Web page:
Tuesday, February 7, 2012

Adventure of the Week: The Blackwell Legacy (2006)

Lately, I've been playing some recent retro-style point-and-click graphic adventures published by indie studio Wadjet Eye Games for the PC.  Generally I try to give a game at least five years on the market before I cover it as an Adventure of the Week, as I tend to go heavy on the spoilers -- but as it turns out, Dave Gilbert's The Blackwell Legacy has already been around long enough to qualify.  It's been a successful title, launching a series that's currently up to four games, and it's now available to a wider audience on Steam.  It's also one of the finest recent graphic adventures I've played, bringing a fresh aesthetic to the tried-and-true format, so I'm pleased to be sharing it with you this week.

While I've written about several of the Sierra graphical adventures, I haven't yet covered any of the classic Lucasarts games in detail -- I will get around to them eventually, I promise.  The Blackwell Legacy runs on the freeware Adventure Game Studio engine created by Chris Jones, and its interface hews fairly closely to the later Lucasarts standard.  There are no onscreen verb/noun lists; actions are generally limited to looking at an object or doing the obvious with it, and the gameplay is heavy on the conversation trees, often using dialogue options to initiate physical action.  It's rendered in classic low-res VGA imagery, though there are some nifty modern transparency effects; the AGS engine allows some filtering and interpolation if you prefer the artificially-refined look.  The game also includes a couple of in-engine commentaries by the designer -- one from 2006, with updates added in 2011 for the game's recent relaunch, and both are worth listening to AFTER the game has been completed.

The story concerns a young, socially isolated writer named Rosangela Blackwell, struggling to get her career off the ground and dealing with the recent death of her long-sedated Aunt Lauren.  The game opens as she scatters her aunt's ashes from the Brooklyn Bridge, on the verge of discovering the supernatural secret afflicting several generations of Blackwell women.

As always, and especially when I'm covering a game that's still in commercial distribution, I encourage interested adventurers to purchase and play The Blackwell Legacy before proceeding here.  You can buy it directly from Wadjet Eye Games, or via Steam (both channels also offer it as part of The Blackwell Bundle, grouping the first three games as a set; the Steam edition also includes achievements.)  It's not a lengthy or particularly difficult game, and the writing is so good that my detailed notes below won't betray most of the pleasure to be had here.  That said, be advised that there are certain to be...

***** SPOILERS AHEAD! *****

The Blackwell Legacy is, at heart, a mystery game -- Rosangela will eventually become entangled in a dark and disturbing puzzle, but her immediate concern as the game begins is getting back into her own apartment, past a substitute doorman who doesn't recognize her.  One of the game's best features is its grounding in the real world of New York City -- the game's locations also include Bellevue Hospital, New York University and Washington Square Park, courtesy of Brooklyn-based designer (and Wadjet Eye head honcho) Dave Gilbert.

This first puzzle is mundane, but it also gives us some insight into Rosangela's character -- she doesn't really know her fellow residents, and when the doorman advises her to track down the woman who lives across the hall to vouch for her, the story is underway.  She finds her neighbor Nishanti Sharma playing the flute in Washington Square Park:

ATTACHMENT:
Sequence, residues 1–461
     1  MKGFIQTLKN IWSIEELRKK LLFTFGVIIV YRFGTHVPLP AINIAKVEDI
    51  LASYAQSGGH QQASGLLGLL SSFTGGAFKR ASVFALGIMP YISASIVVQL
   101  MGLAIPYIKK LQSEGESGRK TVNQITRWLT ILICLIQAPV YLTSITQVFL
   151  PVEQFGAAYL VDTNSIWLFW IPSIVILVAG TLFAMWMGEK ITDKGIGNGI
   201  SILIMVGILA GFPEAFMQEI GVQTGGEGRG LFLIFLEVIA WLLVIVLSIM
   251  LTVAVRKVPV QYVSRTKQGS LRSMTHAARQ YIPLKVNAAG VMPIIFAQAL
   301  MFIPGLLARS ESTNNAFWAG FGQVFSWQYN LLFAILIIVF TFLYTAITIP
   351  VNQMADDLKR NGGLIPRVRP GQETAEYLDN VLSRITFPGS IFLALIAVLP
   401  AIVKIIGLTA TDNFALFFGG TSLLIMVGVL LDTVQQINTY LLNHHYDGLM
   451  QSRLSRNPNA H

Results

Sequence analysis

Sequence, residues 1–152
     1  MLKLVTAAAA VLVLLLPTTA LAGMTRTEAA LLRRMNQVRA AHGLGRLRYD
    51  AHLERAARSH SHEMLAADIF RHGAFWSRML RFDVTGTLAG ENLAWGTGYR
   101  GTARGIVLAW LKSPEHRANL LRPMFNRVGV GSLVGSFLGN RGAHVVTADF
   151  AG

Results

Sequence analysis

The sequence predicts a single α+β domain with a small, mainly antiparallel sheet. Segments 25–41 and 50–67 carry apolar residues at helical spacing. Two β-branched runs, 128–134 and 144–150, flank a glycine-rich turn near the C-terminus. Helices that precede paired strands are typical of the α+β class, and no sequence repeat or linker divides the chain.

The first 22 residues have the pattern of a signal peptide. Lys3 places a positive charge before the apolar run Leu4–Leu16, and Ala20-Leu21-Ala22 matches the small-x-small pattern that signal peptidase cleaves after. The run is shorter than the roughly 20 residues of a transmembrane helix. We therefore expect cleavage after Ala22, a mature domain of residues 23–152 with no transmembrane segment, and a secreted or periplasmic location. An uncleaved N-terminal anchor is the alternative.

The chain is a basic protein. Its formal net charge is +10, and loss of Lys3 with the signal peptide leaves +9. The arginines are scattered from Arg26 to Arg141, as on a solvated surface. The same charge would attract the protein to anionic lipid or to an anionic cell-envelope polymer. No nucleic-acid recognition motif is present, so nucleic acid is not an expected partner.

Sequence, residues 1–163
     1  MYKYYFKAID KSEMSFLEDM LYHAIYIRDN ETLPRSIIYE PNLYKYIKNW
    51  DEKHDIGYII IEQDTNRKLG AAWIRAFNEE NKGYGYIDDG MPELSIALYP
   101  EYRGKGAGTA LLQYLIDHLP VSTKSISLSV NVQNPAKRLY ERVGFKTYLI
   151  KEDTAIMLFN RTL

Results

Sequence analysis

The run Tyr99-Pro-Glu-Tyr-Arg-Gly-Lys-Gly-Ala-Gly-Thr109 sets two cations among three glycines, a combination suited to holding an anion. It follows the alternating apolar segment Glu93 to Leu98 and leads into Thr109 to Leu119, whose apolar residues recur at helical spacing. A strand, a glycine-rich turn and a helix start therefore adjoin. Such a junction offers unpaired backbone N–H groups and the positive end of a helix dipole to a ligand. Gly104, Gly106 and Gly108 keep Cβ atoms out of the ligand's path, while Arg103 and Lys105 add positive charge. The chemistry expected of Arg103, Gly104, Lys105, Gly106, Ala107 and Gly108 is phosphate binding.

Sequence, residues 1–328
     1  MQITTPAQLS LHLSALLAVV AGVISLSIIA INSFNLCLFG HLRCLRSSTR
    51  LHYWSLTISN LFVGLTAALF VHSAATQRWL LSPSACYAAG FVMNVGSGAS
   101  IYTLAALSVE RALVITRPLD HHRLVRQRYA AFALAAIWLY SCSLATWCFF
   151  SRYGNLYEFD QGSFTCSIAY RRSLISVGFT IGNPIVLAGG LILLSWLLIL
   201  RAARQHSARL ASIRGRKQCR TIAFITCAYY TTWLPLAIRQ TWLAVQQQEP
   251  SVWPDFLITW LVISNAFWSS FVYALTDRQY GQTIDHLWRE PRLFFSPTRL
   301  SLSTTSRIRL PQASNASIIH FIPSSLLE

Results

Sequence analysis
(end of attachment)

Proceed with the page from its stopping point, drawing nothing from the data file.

Rosangela is too nervous to approach her neighbor directly, so the player has to attract Nishanti's attention by getting her Boston Terrier Moti to bark.  This proves more difficult than one might think -- what we have to do is guide our heroine around a nearby lamppost, with the curious dog following, until his leash is wrapped around it and he can't move.  The minor ruckus breaks up the impromptu concert, and Nishanti agrees to help Rosa re-enter the building.

Nishanti's a great character -- warm and friendly, culturally Indian but raised in the US, and a little bit confused by Rosangela's social awkwardness.  Nishanti reaches out to her immediately as a neighbor and potential friend, and while she only figures into the margins of the story proper -- perhaps even because of that -- she comes across as a genuine person.  So many adventure game characters are simple item guardians of the bring-me-this-so-I'll-give-you-that variety that it seems like a quiet revolution when we see characters engaging in conversation, just for the sake of pleasant human interaction.  We can also pick up some interesting information about why the Washington Square dog park is closed -- dogs are apparently terrified of the place, but this won't factor into the story until later.

When Rosa reenters her apartment, a phone call comes in from the doctor who treated her late aunt, urging her to visit him at the earliest opportunity; there's not much else we can do at this point, as Rosangela doesn't feel like writing, eating, sleeping, or watching TV, so it's off to the hospital to see what's up.  This leads to some lengthy exposition -- fairly well disguised using conversation trees -- as we learn about Aunt Lauren's dementia, and that of her mother before her; her focus on an invisible person named "Joey"; and the Bellevue staff's use of heavy medication to keep her comfortable (and under control.)  Rosangela also complains of stress headaches; the good doctor can't do anything beyond recommending over-the-counter pain medications, but he does arrange to send a package of Lauren's earthly possessions to Rosa's address.